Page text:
CWL on Kubernetes
Calrissian is a CWL implementation designed to run inside a Kubernetes cluster. Its goal is to be highly efficient and scalable, taking advantage of high capacity clusters to run many steps in parallel.
Calrissian requires a Kubernetes or Openshift/OKD cluster, configured to provision PersistentVolumes with the
ReadWriteMany access mode. Kubernetes installers and cloud providers don't usually include this type of storage, so it may require additional configuration.
Calrissian has been tested with NFS using the nfs-client-provisioner and with GlusterFS using OKD Containerized GlusterFS. Many cloud providers have an NFS offering, which integrates easily using the nfs-client-provisioner.
Scalability / Resource Requirements
Calrissian is designed to issue tasks in parallel if they are independent, and thanks to Kubernetes, should be able to run very large parallel workloads.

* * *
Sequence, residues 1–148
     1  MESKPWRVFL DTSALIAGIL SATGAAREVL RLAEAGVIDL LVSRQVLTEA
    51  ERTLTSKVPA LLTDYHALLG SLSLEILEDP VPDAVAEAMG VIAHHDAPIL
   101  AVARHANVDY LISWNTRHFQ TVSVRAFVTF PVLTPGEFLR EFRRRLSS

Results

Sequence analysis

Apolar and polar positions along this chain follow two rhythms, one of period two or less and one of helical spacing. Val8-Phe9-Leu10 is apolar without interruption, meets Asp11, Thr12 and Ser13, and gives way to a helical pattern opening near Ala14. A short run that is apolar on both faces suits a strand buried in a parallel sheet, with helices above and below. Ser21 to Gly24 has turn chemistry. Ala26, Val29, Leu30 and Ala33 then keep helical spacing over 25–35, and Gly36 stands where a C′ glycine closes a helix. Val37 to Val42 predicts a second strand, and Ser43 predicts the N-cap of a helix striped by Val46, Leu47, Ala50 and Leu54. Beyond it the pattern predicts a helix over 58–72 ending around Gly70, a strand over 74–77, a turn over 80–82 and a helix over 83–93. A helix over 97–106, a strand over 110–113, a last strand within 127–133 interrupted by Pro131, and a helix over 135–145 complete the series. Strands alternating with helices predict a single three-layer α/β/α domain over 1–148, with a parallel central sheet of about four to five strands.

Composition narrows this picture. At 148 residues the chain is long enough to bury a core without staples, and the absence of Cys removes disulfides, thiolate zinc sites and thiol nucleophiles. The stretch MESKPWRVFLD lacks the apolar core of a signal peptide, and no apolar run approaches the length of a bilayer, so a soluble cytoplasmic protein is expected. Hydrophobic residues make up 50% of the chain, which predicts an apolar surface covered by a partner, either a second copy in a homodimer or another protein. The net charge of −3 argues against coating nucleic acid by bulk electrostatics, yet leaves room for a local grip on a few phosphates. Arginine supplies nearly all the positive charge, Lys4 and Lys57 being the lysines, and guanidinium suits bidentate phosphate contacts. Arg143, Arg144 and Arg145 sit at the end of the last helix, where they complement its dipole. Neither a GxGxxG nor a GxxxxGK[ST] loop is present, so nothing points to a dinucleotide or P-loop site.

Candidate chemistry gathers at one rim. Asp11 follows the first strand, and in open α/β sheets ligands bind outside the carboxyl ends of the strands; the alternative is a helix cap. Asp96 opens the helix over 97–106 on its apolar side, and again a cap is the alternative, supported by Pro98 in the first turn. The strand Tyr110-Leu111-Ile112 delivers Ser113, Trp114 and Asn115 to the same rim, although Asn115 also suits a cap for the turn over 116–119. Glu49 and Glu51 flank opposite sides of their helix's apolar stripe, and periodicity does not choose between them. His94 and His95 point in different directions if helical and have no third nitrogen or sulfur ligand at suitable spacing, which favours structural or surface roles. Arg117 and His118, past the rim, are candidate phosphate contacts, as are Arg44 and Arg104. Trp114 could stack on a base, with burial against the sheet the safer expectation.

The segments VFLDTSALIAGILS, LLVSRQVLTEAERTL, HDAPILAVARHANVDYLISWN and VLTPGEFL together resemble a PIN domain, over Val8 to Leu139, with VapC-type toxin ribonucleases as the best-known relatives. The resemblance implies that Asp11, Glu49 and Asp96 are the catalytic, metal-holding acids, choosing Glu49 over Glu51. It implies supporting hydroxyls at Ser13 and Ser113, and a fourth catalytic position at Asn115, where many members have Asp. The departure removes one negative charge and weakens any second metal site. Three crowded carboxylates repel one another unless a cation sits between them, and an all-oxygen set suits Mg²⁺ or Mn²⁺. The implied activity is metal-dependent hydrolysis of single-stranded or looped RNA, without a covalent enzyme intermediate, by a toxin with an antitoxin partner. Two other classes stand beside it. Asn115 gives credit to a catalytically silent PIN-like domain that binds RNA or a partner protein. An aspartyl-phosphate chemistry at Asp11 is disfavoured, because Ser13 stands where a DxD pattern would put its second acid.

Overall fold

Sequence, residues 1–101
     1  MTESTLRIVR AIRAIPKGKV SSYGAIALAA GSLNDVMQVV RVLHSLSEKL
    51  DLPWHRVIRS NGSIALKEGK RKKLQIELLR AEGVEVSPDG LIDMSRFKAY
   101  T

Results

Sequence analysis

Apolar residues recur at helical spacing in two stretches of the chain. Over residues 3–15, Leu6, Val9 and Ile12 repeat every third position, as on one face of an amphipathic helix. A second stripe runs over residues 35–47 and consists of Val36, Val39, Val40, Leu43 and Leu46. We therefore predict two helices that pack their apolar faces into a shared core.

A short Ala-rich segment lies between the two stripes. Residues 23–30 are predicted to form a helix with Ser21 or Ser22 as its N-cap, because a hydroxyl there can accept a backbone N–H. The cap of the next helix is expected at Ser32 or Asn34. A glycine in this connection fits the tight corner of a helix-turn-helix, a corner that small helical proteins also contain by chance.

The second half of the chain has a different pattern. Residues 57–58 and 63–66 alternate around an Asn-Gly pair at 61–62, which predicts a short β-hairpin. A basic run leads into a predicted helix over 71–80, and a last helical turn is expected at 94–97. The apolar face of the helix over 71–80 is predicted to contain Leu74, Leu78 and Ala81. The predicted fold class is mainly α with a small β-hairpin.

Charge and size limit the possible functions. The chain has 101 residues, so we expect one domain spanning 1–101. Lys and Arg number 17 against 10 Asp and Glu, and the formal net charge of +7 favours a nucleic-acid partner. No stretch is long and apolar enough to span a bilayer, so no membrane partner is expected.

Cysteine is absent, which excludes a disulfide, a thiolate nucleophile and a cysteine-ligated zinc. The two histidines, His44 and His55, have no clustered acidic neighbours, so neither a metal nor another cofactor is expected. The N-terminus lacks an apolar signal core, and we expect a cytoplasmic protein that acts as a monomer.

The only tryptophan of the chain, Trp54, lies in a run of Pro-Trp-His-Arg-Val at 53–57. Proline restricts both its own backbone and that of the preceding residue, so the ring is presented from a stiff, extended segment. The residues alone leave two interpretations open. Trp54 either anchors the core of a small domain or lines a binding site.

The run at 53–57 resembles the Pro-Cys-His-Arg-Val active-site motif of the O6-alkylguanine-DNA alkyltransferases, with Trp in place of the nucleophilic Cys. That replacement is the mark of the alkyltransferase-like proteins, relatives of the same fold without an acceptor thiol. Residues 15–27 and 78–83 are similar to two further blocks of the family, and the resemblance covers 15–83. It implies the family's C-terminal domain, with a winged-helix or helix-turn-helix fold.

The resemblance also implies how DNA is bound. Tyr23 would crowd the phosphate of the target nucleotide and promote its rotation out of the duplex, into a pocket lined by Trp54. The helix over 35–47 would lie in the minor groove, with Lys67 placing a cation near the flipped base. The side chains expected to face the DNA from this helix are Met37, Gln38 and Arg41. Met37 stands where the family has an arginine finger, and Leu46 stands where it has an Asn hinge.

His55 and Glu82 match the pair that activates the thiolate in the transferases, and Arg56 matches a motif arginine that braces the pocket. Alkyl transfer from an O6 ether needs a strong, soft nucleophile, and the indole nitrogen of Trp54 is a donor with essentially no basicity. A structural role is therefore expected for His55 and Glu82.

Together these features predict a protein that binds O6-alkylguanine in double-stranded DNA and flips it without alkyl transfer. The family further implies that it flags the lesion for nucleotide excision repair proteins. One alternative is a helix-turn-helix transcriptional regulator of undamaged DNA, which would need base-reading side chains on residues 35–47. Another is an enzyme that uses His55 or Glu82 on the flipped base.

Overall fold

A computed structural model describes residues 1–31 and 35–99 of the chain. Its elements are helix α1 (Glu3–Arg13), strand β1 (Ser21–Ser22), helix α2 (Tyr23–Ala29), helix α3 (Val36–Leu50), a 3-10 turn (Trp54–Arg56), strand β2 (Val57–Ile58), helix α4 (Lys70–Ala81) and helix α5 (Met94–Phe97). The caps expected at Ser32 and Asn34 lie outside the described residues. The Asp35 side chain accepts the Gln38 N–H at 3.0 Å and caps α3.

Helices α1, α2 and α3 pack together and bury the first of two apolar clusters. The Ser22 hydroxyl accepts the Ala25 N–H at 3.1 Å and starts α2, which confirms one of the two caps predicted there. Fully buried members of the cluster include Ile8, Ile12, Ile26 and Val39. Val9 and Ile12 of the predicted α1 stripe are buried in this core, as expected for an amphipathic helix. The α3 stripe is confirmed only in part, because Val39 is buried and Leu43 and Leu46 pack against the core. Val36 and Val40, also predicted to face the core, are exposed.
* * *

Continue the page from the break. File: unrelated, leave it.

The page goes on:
calrissian, you must provide a limit the the number of CPU cores (
--max-cores) and RAM megabytes (
--max-ram) to use concurrently. Calrissian will use CWL ResourceRequirements to track usage and stay within the limits provided. We highly recommend using accurate ResourceRequirements in your workloads, so that they can be scheduled efficiently and are less likely to be terminated or refused by the cluster.
To view open issues related to conformance, see the conformance label on the issue tracker.
Please see examples for installation and setup instructions.
Calrissian's behaviors can be customized by setting the following environment variables in the container specification.
By default, pods for a job step will be deleted after termination
false, job step pods will not be deleted.
Kubernetes API retries
When encountering a Kubernetes API exception, Calrissian uses a library to retry API calls with an exponential backoff. See the tenacity documentation for details.
5. Unit for multiplying the exponent interval.
5. Minimum interval between retries.
1200. Maximum interval between retries.
10. Max number of retries before giving up.